My name is Christopher Wheeler, and I joined DME Forensics late last year as the new Product Manager (read more)…
Our office will be closed December 24th, 25th and Jan 1st; We will provide limited email support December 23rd, 26th 27th, 30th and 31st resuming regular business hours on January 2nd. The DME Forensics Team hopes you have a wonderful holiday season, and a very happy New Year!
DVR systems can be tricky to operate, and it’s not uncommon for valuable evidence to be unintentionally deleted or reformatted. In one recent case study shared with us from Video Analyst Ali Murray in Minneapolis, an owner accidentally reset the timestamp of their DVR, rendering the video from the shooting inaccessible with traditional recovery. Luckily,Read more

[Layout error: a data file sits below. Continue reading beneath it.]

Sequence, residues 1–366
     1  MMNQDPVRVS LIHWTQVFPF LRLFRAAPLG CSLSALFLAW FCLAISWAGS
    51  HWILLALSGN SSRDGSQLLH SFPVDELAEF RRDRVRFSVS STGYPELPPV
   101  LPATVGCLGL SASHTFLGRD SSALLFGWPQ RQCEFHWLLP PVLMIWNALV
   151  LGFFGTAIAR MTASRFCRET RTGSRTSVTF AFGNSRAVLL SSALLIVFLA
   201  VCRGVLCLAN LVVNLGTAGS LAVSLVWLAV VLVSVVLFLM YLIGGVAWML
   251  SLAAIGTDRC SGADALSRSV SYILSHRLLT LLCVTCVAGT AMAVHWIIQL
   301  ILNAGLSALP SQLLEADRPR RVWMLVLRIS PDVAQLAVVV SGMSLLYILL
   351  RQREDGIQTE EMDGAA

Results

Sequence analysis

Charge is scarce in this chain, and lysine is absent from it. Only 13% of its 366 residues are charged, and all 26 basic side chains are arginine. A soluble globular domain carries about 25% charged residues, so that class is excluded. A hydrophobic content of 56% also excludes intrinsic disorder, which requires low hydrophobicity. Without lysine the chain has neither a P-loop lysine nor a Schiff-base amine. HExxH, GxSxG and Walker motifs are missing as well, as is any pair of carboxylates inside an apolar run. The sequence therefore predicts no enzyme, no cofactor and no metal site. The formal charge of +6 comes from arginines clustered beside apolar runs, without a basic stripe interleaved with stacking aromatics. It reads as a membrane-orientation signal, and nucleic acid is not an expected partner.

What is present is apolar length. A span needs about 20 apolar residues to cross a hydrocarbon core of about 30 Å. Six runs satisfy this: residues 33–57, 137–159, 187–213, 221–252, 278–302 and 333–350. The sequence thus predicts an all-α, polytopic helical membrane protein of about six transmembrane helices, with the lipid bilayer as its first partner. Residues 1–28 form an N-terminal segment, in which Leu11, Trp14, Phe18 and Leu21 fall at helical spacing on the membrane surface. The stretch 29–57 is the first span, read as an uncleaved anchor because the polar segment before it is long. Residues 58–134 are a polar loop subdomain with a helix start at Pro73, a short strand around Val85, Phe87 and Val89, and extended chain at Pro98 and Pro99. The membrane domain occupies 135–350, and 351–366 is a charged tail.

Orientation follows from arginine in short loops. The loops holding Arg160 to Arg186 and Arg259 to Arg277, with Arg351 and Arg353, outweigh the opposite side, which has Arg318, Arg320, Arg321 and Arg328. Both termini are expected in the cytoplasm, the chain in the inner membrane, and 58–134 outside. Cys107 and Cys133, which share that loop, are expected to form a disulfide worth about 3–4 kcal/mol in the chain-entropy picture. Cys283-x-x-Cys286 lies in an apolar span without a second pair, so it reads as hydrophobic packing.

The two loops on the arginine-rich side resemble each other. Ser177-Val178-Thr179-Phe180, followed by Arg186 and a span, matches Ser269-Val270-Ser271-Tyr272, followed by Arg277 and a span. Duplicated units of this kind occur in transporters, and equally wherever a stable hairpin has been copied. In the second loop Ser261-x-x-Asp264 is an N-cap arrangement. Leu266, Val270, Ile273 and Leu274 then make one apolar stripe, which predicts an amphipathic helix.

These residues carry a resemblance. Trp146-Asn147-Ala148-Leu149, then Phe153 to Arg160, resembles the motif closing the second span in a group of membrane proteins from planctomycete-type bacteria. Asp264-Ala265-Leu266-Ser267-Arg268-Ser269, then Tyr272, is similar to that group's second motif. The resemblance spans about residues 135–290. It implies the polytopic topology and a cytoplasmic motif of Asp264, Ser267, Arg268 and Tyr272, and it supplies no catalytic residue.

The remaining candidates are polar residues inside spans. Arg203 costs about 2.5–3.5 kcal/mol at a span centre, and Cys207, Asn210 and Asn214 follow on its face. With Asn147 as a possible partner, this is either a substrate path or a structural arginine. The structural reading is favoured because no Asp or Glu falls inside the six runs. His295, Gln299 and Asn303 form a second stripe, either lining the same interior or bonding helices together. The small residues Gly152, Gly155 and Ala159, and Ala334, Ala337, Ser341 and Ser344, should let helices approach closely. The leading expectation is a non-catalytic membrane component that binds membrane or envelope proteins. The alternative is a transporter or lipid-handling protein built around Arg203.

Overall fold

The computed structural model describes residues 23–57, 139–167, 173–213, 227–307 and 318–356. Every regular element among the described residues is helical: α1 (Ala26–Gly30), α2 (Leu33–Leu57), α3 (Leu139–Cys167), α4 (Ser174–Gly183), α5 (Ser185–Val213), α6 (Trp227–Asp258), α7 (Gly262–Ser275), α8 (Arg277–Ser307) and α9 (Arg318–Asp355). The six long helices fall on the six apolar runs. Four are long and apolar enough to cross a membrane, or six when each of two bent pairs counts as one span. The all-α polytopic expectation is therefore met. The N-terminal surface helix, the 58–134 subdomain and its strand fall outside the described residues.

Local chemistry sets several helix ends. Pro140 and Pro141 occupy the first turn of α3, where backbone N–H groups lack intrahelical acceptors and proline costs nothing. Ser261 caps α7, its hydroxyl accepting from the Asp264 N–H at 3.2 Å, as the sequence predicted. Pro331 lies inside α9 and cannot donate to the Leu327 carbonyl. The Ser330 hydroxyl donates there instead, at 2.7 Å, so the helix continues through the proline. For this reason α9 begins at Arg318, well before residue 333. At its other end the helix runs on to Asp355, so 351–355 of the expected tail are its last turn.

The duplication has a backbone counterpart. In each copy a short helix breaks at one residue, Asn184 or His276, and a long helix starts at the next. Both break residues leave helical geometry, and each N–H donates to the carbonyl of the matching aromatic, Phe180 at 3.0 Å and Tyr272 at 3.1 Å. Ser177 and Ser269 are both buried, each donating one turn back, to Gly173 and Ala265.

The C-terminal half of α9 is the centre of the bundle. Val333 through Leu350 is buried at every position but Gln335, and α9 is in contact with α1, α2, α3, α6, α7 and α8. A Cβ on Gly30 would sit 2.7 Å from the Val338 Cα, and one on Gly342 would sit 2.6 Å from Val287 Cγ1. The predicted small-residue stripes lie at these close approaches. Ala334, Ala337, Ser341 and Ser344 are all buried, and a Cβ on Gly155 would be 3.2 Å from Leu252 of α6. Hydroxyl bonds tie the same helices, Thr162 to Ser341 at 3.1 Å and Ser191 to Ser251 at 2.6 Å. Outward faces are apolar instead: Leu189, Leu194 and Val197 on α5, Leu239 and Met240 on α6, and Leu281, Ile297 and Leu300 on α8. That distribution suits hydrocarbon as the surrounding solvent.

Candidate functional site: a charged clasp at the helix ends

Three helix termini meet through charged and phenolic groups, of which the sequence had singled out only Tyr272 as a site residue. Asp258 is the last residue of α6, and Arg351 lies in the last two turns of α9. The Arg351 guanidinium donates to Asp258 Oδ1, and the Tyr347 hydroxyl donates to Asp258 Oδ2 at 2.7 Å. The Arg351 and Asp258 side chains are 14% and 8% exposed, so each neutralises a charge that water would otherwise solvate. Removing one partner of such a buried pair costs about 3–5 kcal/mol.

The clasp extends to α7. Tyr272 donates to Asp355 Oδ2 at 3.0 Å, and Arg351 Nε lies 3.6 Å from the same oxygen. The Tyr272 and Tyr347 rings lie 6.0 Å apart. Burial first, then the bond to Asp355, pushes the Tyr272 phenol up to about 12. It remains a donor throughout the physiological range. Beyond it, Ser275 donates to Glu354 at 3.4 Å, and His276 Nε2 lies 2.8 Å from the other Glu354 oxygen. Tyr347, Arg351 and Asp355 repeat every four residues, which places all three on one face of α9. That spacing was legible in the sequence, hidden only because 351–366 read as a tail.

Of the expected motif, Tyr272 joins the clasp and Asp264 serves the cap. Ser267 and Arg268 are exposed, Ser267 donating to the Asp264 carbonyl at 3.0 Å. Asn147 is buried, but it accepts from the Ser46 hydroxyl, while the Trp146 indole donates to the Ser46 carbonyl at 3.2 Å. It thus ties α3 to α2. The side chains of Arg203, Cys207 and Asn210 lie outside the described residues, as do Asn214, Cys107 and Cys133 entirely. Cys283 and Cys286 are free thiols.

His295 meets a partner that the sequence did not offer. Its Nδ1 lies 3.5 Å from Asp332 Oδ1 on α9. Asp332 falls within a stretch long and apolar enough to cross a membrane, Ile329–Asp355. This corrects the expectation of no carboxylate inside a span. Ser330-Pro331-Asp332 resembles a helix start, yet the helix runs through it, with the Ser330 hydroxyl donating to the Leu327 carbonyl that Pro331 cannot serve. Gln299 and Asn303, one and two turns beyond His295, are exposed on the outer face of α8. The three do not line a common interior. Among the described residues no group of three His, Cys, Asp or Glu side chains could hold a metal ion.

The term “inaccessible to the DVR” is used to denote data which the DVR no longer has access to. Sometimes this inaccessible data can be recovered, but it depends on how the video came to be inaccessible, how much recording has occurred since that time, and where the video exists in the filesystem. Learn more about how DVR Examiner is able to recover inaccessible and deleted data.
How can you verify that DVR Examiner is finding all the video on the drive? There are a few ways users can use empirical verification to be sure DVR Examiner is recovering all the evidence you need.
As part of our recent partnership with Cellebrite we can now offer users around the world more accessible and in-depth training opportunities. The Video Evidence Recovery and Analysis (VERA) course is one such opportunity. Leading experts in the field of video forensics have designed this hands-on training, including course materials created by our own FounderRead more
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